Page 21 of 28

Re: Ecology B/C

Posted: April 16th, 2010, 2:55 pm
by paleonaps
Hey, I was just wondering, I've been studying all of the basics and a bit more for Eco, and I'm wondering, in nationals, what will some problem questions be, that are more unique/some people have never seen them (that I should prepare for, maybe with notes on my cheat sheet)?
When I did last year's national test, I saw a lot of speciemens. Like a taxidermied coyote.

Re: Ecology B/C

Posted: April 16th, 2010, 7:00 pm
by Paradox21
Interesting, was the B div national test a stations test? Or did they just put the coyote in the front of the room or something? The C div test was a pretty conventional written test.

Re: Ecology B/C

Posted: April 17th, 2010, 4:54 am
by paleonaps
Interesting, was the B div national test a stations test? Or did they just put the coyote in the front of the room or something? The C div test was a pretty conventional written test.
Well, I wasn't there, so don't quote me, but from what I saw it was excruciatingly long stations, some of which centered near specimens or other things they didn't bother to put into the test packet.

Re: Ecology B/C

Posted: April 17th, 2010, 7:19 pm
by maggymay
Interesting, was the B div national test a stations test? Or did they just put the coyote in the front of the room or something? The C div test was a pretty conventional written test.
Well, I wasn't there, so don't quote me, but from what I saw it was excruciatingly long stations, some of which centered near specimens or other things they didn't bother to put into the test packet.

Oh, lovely....

Re: Ecology B/C

Posted: April 18th, 2010, 4:20 pm
by w0607858
The first thing that really gets me at this event is that even if you studied 24/7 on this event (no sleep included); if the proctors of the test decide to stray from the basic concepts (that pretty much everybody who passed grade school already should have a good grasp of) to a more complex branch of Ecology, you could still be caught utterly unawares due to the colossal proportions of this subject. There are millions of ways you could study, and depending on the test thrown; 999,999 of those ways could be utterly wrong (for example you worked your hind end raw studying Disease Ecology and the test is centered on stuffed Specimens). Thus the point that it is better to study a little bit (meaning as much as you can humanely cram without driving yourself insane) of everything than focus innately on one particular part. Hope this helps.

....Oh yeah; and that one sheet of paper they're giving you to put down everything that you couldn't learn in time? It's going to be your new best friend.

Re: Ecology B/C

Posted: April 18th, 2010, 7:56 pm
by Paradox21
While the subject is very broad, I think there are still ways to study for the event. I consistently earn a 1st place in the event which would not paint the picture of a hit-and-miss test. If you can think like an ecologist, and of course study your tail off, you can consistently do well. You have to be able to extend beyond what you know to make logical inferences for some questions. I would suggest not relying on the cheat sheet as a crutch, but certainly utilize it for all it's worth. I mostly put numbers and statistics on, not concepts and ideas.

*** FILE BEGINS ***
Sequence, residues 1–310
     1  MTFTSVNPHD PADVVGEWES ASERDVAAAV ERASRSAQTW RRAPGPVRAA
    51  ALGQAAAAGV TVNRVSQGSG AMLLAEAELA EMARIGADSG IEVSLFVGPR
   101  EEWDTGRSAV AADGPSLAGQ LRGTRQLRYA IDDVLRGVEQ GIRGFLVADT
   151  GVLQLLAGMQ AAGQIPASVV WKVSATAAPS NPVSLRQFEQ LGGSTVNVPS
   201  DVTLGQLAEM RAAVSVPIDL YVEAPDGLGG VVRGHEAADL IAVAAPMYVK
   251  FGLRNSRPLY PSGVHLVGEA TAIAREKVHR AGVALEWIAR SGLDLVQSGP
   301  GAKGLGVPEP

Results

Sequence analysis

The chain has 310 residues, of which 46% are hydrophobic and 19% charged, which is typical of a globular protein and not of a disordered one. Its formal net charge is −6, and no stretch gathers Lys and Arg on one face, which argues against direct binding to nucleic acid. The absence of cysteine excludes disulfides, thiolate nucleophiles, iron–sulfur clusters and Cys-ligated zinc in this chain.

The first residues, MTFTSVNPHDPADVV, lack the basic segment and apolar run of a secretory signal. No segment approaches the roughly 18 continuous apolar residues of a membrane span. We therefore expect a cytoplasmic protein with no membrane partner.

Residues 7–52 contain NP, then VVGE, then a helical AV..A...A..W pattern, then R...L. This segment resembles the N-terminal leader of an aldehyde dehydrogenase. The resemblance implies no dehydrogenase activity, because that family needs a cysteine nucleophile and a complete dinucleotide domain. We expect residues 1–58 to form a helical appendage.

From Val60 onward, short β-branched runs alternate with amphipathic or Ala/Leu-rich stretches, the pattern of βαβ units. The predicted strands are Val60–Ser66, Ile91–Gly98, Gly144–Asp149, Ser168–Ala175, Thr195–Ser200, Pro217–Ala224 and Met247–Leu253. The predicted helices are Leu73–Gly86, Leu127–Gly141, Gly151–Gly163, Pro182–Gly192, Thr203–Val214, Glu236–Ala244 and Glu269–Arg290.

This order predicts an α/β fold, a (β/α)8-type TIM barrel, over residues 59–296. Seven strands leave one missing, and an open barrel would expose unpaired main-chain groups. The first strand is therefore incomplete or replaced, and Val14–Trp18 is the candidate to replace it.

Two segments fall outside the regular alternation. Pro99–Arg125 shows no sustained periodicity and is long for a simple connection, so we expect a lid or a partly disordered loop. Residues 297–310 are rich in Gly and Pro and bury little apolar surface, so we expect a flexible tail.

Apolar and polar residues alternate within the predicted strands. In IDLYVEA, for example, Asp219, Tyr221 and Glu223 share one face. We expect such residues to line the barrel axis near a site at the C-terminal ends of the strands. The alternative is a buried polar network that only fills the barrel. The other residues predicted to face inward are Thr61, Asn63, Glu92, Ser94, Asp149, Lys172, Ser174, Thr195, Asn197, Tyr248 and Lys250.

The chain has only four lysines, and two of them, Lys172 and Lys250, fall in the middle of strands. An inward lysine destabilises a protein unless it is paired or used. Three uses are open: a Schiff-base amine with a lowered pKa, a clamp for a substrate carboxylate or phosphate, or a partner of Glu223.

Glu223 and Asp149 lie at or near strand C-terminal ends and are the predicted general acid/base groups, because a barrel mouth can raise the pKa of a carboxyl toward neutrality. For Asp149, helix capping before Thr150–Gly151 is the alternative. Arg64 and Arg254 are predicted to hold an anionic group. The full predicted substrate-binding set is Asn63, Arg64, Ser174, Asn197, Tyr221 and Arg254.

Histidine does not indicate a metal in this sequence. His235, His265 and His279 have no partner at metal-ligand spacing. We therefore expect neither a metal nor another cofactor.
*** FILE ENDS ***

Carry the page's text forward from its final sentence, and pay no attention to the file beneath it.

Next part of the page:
Re: Ecology B/C

Posted: April 19th, 2010, 7:18 am
by maggymay
While the subject is very broad, I think there are still ways to study for the event. I consistently earn a 1st place in the event which would not paint the picture of a hit-and-miss test. If you can think like an ecologist, and of course study your tail off, you can consistently do well. You have to be able to extend beyond what you know to make logical inferences for some questions. I would suggest not relying on the cheat sheet as a crutch, but certainly utilize it for all it's worth. I mostly put numbers and statistics on, not concepts and ideas.

So... what exactly do you put on *your* one-page sheet?

Re: Ecology B/C

Posted: April 19th, 2010, 4:22 pm
by Paradox21
What I put on my sheet shouldn't really matter. I put lots of dates and numbers on just because those are generally tough to remember. Some is basic, like precipitation and temp, some gets more obscure. If you have concepts or ideas you just can't remember, of course you should put them on your sheet. Your sheet should accommodate your specific needs.

Re: Ecology B/C

Posted: April 21st, 2010, 2:58 pm
by paleonaps
I agree with Paradox.

Anybody know some good environmental toxins to study? I have had a lot of them on my tests, and States is in a week.

Re: Ecology B/C

Posted: April 21st, 2010, 4:59 pm
by Paradox21
I really am not that aware of a lot of different toxins. You may have already thought of the following, but this seems like the most obvious ones. Each of these is a part of a group (except DDT) and there would be many different chemicals within each group, but all would have more or less the same effect as others from within the group, with the exception of heavy metals.
I would say:
DDT (which is different from DEET)
CFCs
PCBs
Heavy metals (arsenic, lead, mercury, cadmium, iron, aluminum)
PCP's

And of course the deadliest of all: water. (Millions die from it every year.)